Key Findings and Interventions
The LCA revealed that raw materials (fiber and yarn production) accounted for the largest impact of the total product carbon footprint (68%), with packaging as the second-highest contributor (23%). Consequently, the project team undertook strategic interventions at these stages to reduce the environmental impact.
To address the high carbon footprint associated with raw materials, the team redesigned the blanket by replacing virgin materials with recycled materials. Pilots and tests were performed to maximize the amount of recycled fibers from the blanket waste into the product. For the high thermal insulation 50% recycled blanket waste from the production facilities and 50% recycled polyester fiber, certified by the Global Recycled Standard (GRS) was achieved. Next to that, the knitting yarn is replaced with 100% GRS certified recycled polyester yarn. This significantly reduced the environmental impact by 66%. Further reduction potentials can be achieved by increasing fiber-to-fiber recycling.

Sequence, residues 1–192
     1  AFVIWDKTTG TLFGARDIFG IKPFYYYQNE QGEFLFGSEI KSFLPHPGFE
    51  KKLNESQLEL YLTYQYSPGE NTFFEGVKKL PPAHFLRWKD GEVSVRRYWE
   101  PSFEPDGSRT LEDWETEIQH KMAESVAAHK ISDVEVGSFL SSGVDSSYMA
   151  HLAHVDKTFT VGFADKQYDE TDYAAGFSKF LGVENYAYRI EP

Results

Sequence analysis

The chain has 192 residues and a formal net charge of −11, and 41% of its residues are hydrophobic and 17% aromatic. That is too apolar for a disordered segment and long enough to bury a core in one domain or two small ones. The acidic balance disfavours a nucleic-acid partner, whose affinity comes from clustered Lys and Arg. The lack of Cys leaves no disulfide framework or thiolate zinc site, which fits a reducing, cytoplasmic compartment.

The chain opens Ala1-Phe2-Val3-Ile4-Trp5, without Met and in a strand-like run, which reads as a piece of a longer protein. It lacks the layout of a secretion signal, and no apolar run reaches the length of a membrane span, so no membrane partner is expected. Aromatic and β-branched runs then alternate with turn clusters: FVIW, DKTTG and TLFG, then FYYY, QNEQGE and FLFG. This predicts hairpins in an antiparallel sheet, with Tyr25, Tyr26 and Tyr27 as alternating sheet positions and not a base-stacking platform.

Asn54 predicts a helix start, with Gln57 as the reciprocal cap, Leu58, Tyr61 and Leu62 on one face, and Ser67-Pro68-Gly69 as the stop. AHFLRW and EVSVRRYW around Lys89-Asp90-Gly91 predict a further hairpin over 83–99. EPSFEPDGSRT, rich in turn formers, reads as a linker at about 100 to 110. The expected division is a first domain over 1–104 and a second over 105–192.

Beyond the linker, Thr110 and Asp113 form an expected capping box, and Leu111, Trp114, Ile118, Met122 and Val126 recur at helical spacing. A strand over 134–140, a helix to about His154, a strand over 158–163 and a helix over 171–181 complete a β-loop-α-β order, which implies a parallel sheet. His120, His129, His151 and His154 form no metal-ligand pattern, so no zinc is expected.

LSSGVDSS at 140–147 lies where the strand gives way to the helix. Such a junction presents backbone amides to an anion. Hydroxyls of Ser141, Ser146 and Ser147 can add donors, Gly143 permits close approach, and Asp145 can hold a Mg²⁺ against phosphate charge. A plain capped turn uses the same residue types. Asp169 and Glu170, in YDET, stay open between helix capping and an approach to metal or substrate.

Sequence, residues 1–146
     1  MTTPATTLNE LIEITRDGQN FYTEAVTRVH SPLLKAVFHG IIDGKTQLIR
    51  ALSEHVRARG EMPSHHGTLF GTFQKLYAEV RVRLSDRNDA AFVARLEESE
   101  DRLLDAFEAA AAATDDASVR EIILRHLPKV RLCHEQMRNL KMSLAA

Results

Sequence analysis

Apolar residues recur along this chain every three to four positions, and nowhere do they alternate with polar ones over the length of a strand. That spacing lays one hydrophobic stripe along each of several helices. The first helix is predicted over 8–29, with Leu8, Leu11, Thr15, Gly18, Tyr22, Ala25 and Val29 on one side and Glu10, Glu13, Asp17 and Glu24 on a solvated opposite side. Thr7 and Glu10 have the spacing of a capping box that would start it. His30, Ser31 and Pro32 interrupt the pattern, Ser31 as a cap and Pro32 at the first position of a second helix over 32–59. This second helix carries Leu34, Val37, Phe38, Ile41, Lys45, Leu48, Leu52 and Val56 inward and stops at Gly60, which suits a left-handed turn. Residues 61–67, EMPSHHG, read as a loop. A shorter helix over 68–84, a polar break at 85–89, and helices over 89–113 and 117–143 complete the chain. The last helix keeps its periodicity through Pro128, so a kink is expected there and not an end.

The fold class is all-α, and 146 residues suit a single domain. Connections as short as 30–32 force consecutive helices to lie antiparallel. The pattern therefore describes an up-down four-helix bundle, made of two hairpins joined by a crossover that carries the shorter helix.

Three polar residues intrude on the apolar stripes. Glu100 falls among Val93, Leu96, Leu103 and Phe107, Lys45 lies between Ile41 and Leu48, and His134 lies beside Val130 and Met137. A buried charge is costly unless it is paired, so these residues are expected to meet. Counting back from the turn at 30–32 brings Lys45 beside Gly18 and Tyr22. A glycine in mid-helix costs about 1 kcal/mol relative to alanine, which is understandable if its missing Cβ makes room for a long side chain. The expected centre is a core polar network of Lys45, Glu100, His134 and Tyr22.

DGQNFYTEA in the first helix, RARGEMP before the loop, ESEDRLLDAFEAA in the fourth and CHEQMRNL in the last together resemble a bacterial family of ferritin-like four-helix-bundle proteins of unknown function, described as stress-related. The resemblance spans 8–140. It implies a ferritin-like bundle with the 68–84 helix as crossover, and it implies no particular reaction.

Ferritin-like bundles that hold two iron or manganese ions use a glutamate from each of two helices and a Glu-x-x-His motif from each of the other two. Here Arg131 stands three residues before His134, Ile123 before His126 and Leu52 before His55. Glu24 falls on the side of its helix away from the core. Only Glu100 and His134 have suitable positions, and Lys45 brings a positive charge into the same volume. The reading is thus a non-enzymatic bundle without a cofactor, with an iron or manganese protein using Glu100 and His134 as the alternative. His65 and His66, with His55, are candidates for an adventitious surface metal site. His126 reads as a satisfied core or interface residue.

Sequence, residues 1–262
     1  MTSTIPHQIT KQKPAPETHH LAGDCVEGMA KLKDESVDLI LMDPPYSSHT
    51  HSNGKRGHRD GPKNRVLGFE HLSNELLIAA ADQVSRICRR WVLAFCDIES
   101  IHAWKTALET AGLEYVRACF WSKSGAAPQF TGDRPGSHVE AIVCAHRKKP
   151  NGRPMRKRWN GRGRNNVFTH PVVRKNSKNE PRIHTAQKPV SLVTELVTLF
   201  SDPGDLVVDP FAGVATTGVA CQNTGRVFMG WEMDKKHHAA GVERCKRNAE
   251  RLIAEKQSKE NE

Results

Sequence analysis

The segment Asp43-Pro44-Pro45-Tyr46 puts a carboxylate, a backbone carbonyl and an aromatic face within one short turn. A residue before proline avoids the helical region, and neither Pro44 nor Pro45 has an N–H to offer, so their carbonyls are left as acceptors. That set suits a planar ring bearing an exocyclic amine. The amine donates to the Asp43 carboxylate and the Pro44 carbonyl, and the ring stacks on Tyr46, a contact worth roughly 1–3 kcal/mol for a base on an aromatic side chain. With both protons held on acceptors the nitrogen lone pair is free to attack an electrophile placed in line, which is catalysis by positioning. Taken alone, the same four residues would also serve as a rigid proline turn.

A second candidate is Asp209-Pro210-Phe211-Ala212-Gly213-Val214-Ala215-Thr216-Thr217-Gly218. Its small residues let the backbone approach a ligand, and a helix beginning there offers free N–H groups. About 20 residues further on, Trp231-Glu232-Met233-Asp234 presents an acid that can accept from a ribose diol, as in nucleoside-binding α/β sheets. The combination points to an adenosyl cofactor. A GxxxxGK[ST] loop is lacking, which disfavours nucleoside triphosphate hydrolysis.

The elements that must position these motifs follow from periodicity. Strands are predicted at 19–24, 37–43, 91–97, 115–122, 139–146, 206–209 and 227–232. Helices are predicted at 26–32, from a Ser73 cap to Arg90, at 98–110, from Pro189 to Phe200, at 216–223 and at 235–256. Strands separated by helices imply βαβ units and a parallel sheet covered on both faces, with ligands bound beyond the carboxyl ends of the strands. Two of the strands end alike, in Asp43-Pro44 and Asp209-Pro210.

The second environmental hotspot, packaging, was addressed by applying circularity principles from the waste hierarchy (prevent, reduce, reuse, recycle, recover). Single-use plastics were eliminated, recycled materials were utilized, and the overall packaging was simplified while adhering to industry standards. These interventions successfully reduced the environmental impact of packaging by 45%.
With these strategic interventions, the alternative blankets demonstrated a substantial reduction of the total product carbon footprint—57% lower than conventional blankets. This collaborative project showcases the potential for innovative solutions, collaboration, and a circular approach to drive sustainable practices in the textile industry. For each individual blanket, the total potential reduction per blanket is 6,5 kg CO2-e. If we quantify that to the production of 1 million high thermal blankets, it means that the reduction equates to the carbon footprint of driving around the globe 515 times with a car. The results underscore a real impactful reduction potential that aims to establish new industry standards to reduce the environmental impact of disaster relief blanket production and distribution.